These processors have more complicated instructions that can often operate on either registers or external RAM. Data for an instruction does not always need to be in a register. Therefore why would we bother? The answer is speed. Where there is a choice the compiler will use registers to reduce execution time.

These complicated processors have different access times for different types of memory. Registers that are on the CPU die are very quick to access. So if you have a variable which is in constant use throughout some code it makes sense to load it into a register, operate on it repeatedly and then copy it back to external RAM when finished.

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  • \$\begingroup\$ I should not have forgotten the differences between a micro processor and a micro controller \$\endgroup\$ – raforanz Oct 11 '13 at 11:01
  • \$\begingroup\$ "For example, the Microchip PICs you mention have a "W" register. This is just in normal RAM like everything else" you missed a 'not' I think. \$\endgroup\$ – raforanz Oct 11 '13 at 11:05
  • \$\begingroup\$ Actually this depends. On some devices (I checked 16F) it is only accessible through instructions like MOVF x,W/MOVWF but on others (18F25K22) it is also mapped to a location in RAM that you can access. However - on all devices it acts like a general purpose accumulator register no matter how it is presented. \$\endgroup\$ – David Oct 11 '13 at 12:26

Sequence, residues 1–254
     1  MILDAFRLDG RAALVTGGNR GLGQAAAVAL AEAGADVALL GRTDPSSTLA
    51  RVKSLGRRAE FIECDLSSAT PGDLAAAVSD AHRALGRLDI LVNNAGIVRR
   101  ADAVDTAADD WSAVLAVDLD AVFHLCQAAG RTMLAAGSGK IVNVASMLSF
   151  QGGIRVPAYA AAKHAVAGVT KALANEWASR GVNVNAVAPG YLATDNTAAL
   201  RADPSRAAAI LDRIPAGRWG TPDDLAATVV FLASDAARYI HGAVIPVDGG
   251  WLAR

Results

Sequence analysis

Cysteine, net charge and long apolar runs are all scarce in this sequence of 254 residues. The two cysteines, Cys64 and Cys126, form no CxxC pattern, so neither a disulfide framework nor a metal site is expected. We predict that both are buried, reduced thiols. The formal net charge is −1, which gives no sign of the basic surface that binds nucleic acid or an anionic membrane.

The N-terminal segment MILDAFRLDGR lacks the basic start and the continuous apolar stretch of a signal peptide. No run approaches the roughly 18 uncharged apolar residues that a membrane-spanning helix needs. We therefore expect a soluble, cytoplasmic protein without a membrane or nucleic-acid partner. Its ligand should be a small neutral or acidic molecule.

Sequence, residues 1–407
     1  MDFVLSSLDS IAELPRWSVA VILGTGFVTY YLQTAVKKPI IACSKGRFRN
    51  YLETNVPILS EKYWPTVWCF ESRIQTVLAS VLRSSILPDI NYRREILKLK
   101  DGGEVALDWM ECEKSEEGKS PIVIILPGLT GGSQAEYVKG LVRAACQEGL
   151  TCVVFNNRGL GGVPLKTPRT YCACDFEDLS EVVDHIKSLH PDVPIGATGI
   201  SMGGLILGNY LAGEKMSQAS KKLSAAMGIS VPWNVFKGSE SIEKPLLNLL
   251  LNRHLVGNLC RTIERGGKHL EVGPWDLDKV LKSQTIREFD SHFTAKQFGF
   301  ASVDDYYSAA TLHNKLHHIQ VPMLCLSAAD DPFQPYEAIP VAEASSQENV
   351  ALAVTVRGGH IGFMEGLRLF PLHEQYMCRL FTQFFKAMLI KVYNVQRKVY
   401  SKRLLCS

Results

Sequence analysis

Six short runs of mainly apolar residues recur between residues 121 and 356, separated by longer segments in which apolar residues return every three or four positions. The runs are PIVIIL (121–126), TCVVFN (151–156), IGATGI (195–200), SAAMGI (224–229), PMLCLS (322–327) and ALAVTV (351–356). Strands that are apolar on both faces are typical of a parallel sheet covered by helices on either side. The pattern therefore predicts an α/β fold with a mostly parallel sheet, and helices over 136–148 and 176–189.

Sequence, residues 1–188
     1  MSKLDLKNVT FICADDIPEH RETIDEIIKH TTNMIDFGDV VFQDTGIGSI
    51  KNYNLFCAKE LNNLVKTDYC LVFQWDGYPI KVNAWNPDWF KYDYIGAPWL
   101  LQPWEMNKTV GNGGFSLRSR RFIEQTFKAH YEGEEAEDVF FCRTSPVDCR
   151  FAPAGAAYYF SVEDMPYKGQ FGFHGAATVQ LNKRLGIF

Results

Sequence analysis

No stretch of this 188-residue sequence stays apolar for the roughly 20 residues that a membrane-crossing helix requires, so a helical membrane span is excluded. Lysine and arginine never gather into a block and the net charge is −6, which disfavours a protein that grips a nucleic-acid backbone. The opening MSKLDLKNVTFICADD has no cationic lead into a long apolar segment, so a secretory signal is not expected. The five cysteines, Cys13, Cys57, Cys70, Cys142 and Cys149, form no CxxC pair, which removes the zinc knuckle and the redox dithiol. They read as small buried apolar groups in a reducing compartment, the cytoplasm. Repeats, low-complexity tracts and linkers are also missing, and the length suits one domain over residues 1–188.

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It would depend on which compiler is used, but you are right; for a processor which has nothing but registers, with access time unchanged no matter which register (no bank selection), then the qualification should be meaningless.

If bank selection is needed, then the compiler should confine the variable to the same bank as is currently in use at execution time.